Functions:
  • It gives shape to the cell
  • It protects the cell from mechanical damage & infection
  • It helps in cell-to-cell interaction
  • It acts as barrier to undesirable macromolecules
3. Endomembrane System
  • It is a group of membranous organelles having coordinated functions.
  • They include endoplasmic reticulum (ER), Golgi complex, lysosomes and vacuoles.
Endoplasmic Reticulum (ER):
  • These are a network of tiny tubular structures scattered in the cytoplasm.
  • ER divides the intracellular space into 2 compartments: luminal (inside ER) & extra luminal (cytoplasm).
Endoplasmic reticulum is of 2 types:
  • Rough endoplasmic reticulum (RER): Bear ribosomes on their surface. RER is frequently observed in the cells actively involved in protein synthesis and secretion. They are extensive and continuous with the outer membrane of the nucleus
  • Smooth endoplasmic reticulum (SER): Ribosomes are absent. SER is the major site for synthesis of lipid. In animal cells lipid-like steroidal hormones are synthesized in SER.
Golgi apparatus
  • Densely stained reticular structures near the nucleus.
  • First observed by Camillo Golgi (1898).
  • They consist of flat, disc-shaped sacs (cisternae) of 0.5 - 1.0m diameter. These are stacked parallel to each other.
  • Cisternae are concentrically arranged with convex cis (forming) face and concave trans (maturing) face. Cis & trans faces are totally different, but interconnected.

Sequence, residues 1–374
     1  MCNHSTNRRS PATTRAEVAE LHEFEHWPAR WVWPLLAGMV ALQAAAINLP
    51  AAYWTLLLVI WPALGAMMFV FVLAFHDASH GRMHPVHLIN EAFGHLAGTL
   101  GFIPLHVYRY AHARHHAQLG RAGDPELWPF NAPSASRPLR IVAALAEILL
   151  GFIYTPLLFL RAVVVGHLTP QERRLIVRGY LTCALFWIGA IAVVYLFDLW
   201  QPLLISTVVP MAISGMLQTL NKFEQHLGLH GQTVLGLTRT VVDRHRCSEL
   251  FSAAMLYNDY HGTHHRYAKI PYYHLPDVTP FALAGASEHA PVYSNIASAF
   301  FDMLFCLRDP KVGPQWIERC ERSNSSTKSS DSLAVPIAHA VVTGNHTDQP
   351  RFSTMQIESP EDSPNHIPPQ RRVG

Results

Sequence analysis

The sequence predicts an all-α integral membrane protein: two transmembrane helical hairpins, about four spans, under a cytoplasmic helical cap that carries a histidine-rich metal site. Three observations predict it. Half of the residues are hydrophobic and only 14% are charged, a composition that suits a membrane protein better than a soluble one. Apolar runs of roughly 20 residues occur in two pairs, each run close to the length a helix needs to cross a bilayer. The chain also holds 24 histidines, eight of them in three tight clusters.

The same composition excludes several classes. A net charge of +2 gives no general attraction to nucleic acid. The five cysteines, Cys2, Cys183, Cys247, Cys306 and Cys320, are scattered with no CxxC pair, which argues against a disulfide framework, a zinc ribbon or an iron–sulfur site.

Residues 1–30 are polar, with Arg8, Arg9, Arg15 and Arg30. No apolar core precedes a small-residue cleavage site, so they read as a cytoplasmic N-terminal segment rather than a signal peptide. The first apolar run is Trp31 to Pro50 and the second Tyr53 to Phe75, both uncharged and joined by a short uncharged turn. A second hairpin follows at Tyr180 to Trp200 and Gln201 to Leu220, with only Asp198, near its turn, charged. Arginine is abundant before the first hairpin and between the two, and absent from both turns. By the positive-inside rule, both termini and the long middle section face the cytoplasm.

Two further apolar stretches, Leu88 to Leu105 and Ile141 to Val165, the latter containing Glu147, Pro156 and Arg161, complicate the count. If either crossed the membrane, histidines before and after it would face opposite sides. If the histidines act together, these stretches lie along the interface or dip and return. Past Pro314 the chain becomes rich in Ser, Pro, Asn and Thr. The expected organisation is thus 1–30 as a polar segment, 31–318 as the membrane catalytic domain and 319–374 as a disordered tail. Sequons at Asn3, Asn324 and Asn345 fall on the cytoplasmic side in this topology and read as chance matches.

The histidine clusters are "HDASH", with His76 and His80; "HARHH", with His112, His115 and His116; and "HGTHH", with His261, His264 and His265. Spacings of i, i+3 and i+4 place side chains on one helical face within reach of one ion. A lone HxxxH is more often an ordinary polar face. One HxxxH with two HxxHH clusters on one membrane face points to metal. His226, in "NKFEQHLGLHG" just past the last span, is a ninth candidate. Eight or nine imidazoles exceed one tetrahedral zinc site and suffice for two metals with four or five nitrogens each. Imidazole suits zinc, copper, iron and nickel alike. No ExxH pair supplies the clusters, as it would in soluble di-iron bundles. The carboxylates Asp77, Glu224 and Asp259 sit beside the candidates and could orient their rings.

Function of Golgi apparatus:
  • Packaging materials, to be delivered either to the intra-cellular targets or secreted outside the cell. Materials to be packaged in the form of vesicles from the ER fuse with the cis face and move towards the maturing face. This is why the Golgi apparatus remains in close association with the endoplasmic reticulum.
  • Proteins synthesized by ribosomes on the ER are modified in the cisternae of the Golgi apparatus before they are released from its trans face.
  • Golgi apparatus is the important site of formation of glycoproteins and glycolipids.
Lysosomes
  • These are membrane bound vesicular structures formed by the process of packaging in the Golgi apparatus
  • Lysosomal vesicles contain almost all types of hydrolytic enzymes (hydrolases– lipases, proteases, carbohydrases). They are active at the acidic pH. These enzymes can digest carbohydrates, proteins, lipids and nucleic acids.
Vacuoles
  • These are the membrane-bound space found in the cytoplasm. It contains water, sap, excretory product and other materials not useful for the cell.
  • Vacuole is bound by a single membrane called tonoplast.
  • In plant cells, the vacuoles can occupy up to 90% of the volume of the cell.
  • In plants, the tonoplast facilitates the transport of a number of ions and other materials against concentration gradients into the vacuole; hence their concentration is significantly higher in the vacuole than in the cytoplasm.
  • In Amoeba, the contractile vacuole is important for excretion. In many cells, as in protists, food vacuoles are formed by engulfing the food particles.